And this is what bugs me: that there are no queer characters on Community, only queer caricatures and queer extras. The show puts on a pretense of including queer-related storylines, but in practice these storylines turn out to be about straight people dealing with–not even queer people, but merely the idea ofqueer people.I speculate that you are trying to have it both ways: on the one hand you want to be timely and relevant and topical, which means that you can’t ignore queerness entirely. Your show must “address” it. But on the other hand, sexual and gender deviance is a messy topic, and your show–which has to try to appeal to as wide a demographic as possible–doesn’t want to get mired in American culture wars. Your object is to entertain, not to advocate–which is fine, in itself. I’m not trying to shame you into being an “ally” or proponent of gay rights; my objection is not that you are writing propaganda for the wrong side. My objection, rather, is that in this case you actually must choose: you can have queer characters, or you can not have queer characters, but you cannot have it both ways. Either we’re there, or we’re not. Either you confront the audience with our existence, or you don’t.

A shorter way of putting this: Dungeons and Dragons players are portrayed on your show with more depth and humanity than the global population of people who don’t fit into the format of straight, cisgendered, serially-monogamous squarehood. This seems…inaccurate.

The only exception to the freak-vs.-wallpaper portrayal of queer people on Community occurs in “Mixology Certification,” wherein a fellow-geek hits on Abed, buys him a drink, then finally gets frustrated after Abed leads him on and ultimately storms out of the bar. This character, Robert, is exactly what I’m asking for when I complain that your show lacks deep, human queer characters. Robert, in very few lines, shows us a character that does not feel (to the viewer) interchangeable or manufactured. The things he says relate to the situation he’s in, to cultural context, to other characters, to his own goals and fears. His character is funny, but–critically–the humor is an effect of the story he’s in, rather than the “Holy crap, I can’t believe how GAY he is!” humor of e.g. Dean Pelton. Robert is three-dimensional: a character.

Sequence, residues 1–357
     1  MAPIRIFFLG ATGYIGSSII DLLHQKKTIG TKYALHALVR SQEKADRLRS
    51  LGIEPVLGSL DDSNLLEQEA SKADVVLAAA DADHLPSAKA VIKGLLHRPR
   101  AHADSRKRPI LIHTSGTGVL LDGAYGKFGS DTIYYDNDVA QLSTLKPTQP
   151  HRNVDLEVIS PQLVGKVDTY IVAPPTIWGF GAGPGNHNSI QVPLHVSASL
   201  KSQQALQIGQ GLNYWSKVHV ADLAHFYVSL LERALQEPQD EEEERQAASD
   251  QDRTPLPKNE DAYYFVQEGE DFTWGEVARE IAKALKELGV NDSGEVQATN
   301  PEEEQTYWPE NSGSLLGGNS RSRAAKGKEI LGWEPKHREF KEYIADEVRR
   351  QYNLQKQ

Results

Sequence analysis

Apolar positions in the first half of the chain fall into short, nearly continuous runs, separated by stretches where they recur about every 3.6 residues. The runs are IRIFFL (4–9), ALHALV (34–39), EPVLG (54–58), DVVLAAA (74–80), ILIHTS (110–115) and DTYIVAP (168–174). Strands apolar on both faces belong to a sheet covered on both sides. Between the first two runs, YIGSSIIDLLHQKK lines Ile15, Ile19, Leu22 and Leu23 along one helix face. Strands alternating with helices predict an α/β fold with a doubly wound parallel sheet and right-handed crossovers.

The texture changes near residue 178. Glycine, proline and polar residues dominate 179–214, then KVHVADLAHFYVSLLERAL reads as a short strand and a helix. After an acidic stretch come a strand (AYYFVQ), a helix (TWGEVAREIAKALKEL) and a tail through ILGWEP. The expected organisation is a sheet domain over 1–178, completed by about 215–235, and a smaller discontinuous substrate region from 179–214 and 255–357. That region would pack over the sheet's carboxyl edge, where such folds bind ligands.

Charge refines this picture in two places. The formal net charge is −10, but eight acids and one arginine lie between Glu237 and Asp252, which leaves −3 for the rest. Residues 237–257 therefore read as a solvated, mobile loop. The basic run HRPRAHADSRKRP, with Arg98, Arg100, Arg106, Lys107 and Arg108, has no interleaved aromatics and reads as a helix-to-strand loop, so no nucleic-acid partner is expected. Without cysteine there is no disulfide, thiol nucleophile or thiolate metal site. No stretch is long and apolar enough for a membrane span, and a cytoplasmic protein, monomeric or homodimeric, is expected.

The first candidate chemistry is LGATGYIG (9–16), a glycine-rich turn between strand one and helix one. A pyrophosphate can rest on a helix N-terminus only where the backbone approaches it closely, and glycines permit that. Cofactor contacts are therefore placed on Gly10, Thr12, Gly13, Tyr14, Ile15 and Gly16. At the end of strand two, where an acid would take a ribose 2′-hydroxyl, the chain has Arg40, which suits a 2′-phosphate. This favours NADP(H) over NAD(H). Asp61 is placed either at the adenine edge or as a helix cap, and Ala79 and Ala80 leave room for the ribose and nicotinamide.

Unfortunately, he’s the only queer character, and he only takes up about two minutes of screen time. Which means that we the viewers spend .2% of our Community-time in the presence of a queer character, compared to 100% of our time in the presence of straight, cis, ‘normal’ characters. (Roughly: 50 episodes x 20 minutes per episode = 1000 minutes of air time for the entire series.)

So…that sucks. Because the other elements of your show are so damn good, and it puts me in a weird and uncomfortable position to like and enjoy these characters so much, while at the same time my existence as someone who is both queer and a person is implicitly denied by the show’s penchant for using queer characters as backdrop.

Hence my request to you is this:

Decide whether or not you want to portray queer characters, and then do it. If you don’t, then you don’t, and the failure of your show to acknowledge the existence of queer people will at least be obvious to its viewers. Or if you do decide to portray queer characters, then please do so–actually write characters who are–yes–queer, but also real and human and have lives and goals and ideas and histories, etc. Give us stories about queer people who are informed and shaped by their gender and sexuality, rather than two-dimensional placeholders for The Gays. Because what you’re doing now, as you try to have it both ways, having queers both present and absent on Community, amounts to lying.